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Doubt can be a beast. It’s a five letter word that has a way of brainwashing you to the point of paralyzation, causing you to be unproductive and ultimately disheartened.  It can strike anyone, including those who appear to be super confident. Now that NaNoWriMo (National Novel Writing Month/NaNo for short) is literally only hours away, I feel doubt lurking around me like never before.

Since I have yet to complete NaNo’s 50,000 word challenge I have had some serious thought about not trying it again this year. It’s easy to come to that conclusion when that small voice of doubt is around to whisper,”Why put in all this work just to end up disappointed again?”  or “When will I find the time to get 50,000 words down?”

But it’s times like these when I’m thankful for my writer friends that are around to lift me up. Just yesterday I received two powerful messages to restore my faith. One was from a friend who posted a speech on Facebook that was made by the award-winning filmmaker Ava DuVernay. In her speech she talked about not appearing desperate, and not wasting valuable time by seeking the approval and/or help of others. If you feel you have a story to tell then use your energy to tell it. The message is not just for filmmakers, but all creatives with a vision. You can read what she said and watch the video for yourself by clicking here.

The other message was from a friend who also posted something on Facebook, this time directly in my inbox. When I opened the message there was a link for me to click on along with a brief note that included the sentence, “You and I really have no excuses, do we?” The link was to a New York Times story about the legendary playwright/poet Ntozake Shange, creator of the play For Colored Girls Who Have Considered Suicide When the Rainbow Is Enuf. The article, A Poet With Words Trapped Inside, profiled Shange and her latest accomplishments, and  highlighted a neurological disorder called chronic inflammatory demyelinating polyneuropathy, a medical condition that has taken control of Shange’s hands and feet, leaving her unable to type or write without difficulty. The beauty of the situation is that despite her physical challenges she is still creating.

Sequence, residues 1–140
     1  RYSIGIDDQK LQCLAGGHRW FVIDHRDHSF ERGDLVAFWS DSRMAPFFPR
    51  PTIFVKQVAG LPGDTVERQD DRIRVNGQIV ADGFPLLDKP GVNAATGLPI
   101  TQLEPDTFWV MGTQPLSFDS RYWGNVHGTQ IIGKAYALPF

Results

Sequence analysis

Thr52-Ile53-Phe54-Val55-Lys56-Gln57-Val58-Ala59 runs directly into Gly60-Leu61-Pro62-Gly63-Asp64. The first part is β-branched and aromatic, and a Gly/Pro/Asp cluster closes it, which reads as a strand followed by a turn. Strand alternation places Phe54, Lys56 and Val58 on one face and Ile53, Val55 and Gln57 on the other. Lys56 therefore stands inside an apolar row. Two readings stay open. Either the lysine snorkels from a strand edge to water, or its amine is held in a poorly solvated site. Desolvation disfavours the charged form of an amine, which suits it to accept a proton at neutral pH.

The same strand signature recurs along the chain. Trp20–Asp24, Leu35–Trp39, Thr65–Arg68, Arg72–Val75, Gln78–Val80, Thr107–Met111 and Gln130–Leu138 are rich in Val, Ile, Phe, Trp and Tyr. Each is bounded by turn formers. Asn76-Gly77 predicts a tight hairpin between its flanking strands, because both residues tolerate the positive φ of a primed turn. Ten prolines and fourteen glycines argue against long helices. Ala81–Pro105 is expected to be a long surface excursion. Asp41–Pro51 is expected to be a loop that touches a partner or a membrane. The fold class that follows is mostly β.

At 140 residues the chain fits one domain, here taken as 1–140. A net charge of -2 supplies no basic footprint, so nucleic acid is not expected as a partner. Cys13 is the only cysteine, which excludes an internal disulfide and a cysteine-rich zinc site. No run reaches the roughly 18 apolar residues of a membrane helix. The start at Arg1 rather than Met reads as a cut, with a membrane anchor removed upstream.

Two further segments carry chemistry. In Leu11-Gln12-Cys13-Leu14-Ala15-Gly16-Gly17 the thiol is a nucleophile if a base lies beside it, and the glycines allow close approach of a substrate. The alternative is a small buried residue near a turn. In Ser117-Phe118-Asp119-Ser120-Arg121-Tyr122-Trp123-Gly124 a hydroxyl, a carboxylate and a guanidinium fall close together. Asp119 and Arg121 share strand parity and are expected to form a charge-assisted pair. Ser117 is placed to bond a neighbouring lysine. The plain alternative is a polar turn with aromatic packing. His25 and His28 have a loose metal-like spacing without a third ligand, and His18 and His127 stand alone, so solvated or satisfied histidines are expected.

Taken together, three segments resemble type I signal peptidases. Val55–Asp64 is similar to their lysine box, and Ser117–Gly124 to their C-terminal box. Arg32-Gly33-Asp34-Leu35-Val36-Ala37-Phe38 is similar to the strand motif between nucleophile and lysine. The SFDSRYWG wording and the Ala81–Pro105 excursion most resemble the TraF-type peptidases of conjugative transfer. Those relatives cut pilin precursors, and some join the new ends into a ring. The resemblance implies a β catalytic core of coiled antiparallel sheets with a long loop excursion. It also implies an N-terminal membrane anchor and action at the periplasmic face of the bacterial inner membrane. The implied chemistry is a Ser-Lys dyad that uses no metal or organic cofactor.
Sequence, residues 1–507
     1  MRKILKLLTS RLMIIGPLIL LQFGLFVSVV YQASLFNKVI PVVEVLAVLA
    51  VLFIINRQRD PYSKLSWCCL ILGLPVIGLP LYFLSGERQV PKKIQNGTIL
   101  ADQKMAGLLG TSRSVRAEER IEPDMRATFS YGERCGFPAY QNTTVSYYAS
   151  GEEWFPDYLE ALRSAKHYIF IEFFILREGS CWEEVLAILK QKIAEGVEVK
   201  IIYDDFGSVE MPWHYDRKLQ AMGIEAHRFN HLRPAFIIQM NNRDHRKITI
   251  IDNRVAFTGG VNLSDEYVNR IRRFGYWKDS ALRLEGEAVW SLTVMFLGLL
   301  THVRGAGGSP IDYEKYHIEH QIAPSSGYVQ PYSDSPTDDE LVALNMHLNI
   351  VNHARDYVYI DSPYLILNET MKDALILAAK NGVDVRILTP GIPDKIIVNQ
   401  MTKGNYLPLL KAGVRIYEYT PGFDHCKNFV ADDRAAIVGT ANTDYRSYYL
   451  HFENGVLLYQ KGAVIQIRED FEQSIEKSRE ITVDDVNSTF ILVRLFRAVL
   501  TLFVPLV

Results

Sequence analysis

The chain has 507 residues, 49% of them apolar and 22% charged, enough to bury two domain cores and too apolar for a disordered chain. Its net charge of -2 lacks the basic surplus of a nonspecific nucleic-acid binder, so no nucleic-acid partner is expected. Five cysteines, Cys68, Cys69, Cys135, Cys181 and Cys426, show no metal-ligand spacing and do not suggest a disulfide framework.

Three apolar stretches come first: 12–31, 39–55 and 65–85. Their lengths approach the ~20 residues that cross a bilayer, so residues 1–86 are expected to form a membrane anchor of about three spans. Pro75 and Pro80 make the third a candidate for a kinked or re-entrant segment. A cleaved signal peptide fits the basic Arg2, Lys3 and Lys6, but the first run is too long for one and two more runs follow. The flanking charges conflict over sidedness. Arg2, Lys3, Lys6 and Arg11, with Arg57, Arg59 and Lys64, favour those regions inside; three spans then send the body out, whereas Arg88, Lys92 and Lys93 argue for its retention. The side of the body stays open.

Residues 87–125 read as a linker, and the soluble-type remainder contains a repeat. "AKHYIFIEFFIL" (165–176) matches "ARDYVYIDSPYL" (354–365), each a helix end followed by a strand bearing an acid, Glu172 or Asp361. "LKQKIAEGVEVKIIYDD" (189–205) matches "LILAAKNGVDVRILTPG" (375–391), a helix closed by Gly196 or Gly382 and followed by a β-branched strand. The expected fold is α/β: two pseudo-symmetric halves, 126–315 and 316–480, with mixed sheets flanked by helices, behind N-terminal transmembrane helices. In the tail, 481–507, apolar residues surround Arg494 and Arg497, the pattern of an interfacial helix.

Both messages were right on time for me: “Just tell a story” and “Stop making excuses.”

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We are so conditioned to looking at the bad side of things that the phrase “What’s the worse thing that can happen?” has become common place. Not long ago I saw a blog post that asked a similar question, but with a more positive slant –  “What’s the best thing that can happen?” Since then the words have lingered in my mind so much so that I’ve decided to make the phrase my own personal mantra, which brings me back to NaNo.

So what if I don’t complete the 50,000 word NaNo challenge. The best thing that can happen is that I’m closer than I have ever been to getting this manuscript, that I have only dreamed about, completed and turned into an actual book. That’s not a bad consequence when you think about it that way. I guess this means that I’ll be staying up late and getting up even earlier, along with the rest of you NaNo heads, for the next month in order to reach my goal.

When doubt manages to creep it’s ugly little head in my mind again,  I just have to remember to ask myself over and over again, “What’s the best thing that can happen?”

Feel free to use that. 🙂

Until Next time…

Marti

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